You get six in the device for the four to eights and then the three fives to six or something like that. We really don't use that one. Then the smaller ones, the tibial ones, are one five to four five millimeters, and you get four in those. I think you have to be smart with using them because they are a lot more expensive than stents and I try to avoid using them in heavily calcified areas unless if I've really modified the plaque and prepped that vessel aggressively.
In general, there's such little radial force in those, they're really meant to just quote, I mean literally tack up the dissection. A lot of people ask me, "Do you use them in plaque?" I think, in their IFU, it's like if there's 30% residual stenosis or plaque, you're not really supposed to use them but I use them in plaque all the time. I avoid it in heavily calcified areas.
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Tack Placement Technique
Before deploying Tacks, the operator must understand the unique radiopaque markers on the Tacks. Operators are going to be more familiar with stents by default, which only have two markers - one on the distal and proximal ends of the stents. Tacks, on the other hand, are shorter devices that consist of two crowns, and the marker is in between these crowns. Tacks are deployed using the standard pin-and-pull system, but Dr. Phillips cautions that there are subtle technical nuances to deploying Tacks that may require operators to adjust their technique after observing where the Tacks land. If the operator estimates that they will use more than six Tacks, Dr. Phillips recommends using a stent instead. Overlapping Tacks is not recommended.
[Dr. Aaron Fritts]
Is the deployment mechanism for tack-- You kind of mentioned this, but is it complicated or is it pretty simple? I mean can you walk us through it, for listeners?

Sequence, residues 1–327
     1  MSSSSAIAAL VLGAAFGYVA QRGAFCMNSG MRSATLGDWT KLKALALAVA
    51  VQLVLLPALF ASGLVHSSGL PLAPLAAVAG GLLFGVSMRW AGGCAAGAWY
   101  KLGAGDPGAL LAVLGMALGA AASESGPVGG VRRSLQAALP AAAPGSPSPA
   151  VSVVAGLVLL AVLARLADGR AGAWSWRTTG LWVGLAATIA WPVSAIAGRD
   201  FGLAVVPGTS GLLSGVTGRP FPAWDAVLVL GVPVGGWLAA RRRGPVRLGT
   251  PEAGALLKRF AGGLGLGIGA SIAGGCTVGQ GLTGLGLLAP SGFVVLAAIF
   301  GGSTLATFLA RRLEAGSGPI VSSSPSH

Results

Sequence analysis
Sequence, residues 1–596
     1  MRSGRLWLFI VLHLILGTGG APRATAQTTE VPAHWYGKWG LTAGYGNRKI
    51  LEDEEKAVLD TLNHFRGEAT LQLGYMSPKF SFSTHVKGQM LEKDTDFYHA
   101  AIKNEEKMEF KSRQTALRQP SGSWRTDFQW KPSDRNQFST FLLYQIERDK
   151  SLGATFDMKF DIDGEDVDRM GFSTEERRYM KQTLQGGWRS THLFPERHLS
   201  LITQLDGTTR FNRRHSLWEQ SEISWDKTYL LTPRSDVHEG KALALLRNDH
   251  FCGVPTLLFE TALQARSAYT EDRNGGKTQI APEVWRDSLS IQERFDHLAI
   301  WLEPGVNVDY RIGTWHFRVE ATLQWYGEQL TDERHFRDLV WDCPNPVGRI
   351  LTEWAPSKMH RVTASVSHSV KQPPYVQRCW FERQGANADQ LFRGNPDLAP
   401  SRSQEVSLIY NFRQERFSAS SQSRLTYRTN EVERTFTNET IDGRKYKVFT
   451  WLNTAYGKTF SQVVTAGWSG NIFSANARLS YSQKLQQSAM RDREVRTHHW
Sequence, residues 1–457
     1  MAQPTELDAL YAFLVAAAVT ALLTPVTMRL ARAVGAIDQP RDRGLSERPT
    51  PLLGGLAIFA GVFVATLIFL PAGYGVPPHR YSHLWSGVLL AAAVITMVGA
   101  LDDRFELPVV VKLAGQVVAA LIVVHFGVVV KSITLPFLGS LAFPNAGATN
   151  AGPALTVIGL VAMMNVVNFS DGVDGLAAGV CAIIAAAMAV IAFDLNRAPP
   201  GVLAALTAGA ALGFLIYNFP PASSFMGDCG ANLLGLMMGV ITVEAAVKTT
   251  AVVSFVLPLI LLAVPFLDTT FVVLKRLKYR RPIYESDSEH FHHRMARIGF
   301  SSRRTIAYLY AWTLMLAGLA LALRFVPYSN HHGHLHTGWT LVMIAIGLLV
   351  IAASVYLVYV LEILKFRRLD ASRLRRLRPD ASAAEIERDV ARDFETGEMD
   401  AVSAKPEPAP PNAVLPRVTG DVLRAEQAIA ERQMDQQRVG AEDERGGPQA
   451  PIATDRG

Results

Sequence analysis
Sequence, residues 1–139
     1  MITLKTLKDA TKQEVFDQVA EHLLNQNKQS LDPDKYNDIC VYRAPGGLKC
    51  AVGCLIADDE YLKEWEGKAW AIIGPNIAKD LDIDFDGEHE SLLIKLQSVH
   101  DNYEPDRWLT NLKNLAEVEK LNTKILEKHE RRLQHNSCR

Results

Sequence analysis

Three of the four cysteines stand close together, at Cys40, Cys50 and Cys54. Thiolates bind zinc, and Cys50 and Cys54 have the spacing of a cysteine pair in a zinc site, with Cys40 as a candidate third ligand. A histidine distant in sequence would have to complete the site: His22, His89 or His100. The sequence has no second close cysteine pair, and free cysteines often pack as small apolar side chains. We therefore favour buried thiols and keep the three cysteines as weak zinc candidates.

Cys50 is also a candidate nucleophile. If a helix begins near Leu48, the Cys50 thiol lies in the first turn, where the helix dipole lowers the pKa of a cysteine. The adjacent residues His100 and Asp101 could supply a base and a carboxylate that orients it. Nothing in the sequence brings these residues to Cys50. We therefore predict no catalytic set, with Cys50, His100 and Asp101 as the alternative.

[Dr. John Phillips]
Yes, sure. Basically, you get-- Let's use the big boy. So the 4 to 8-millimeter sizing lumens, you get six tacks on the catheter, and it's a pin-and-pull system. And so basically, you have the device and what you need to do is, under fluoro or having talked to the rep ahead of time, you have to understand there's a lot of markers and the catheter itself is kind of busy. The tacks themselves, the radiopaque portion of the tack is actually in the middle of the two crowns. That, in and of itself, is a little bit of a hurdle because when we're putting stents in, our eyes look for the radiopaque marker.
But in most stents or all stents, the radiopaque marker is distal and proximal. This is a little bit different. There are little radiopaque bands between each tack. So ultimately, what you have to do is loosen the tuohy and then you-- I describe it like popping a bottle of champagne and trying to pull that cork out. You don't just necessarily crank the—You kind of have to massage it sometimes. You are pinning and pulling, but sometimes you're pushing as well on the deployment device, and so, there's nuances. You shimmy it out.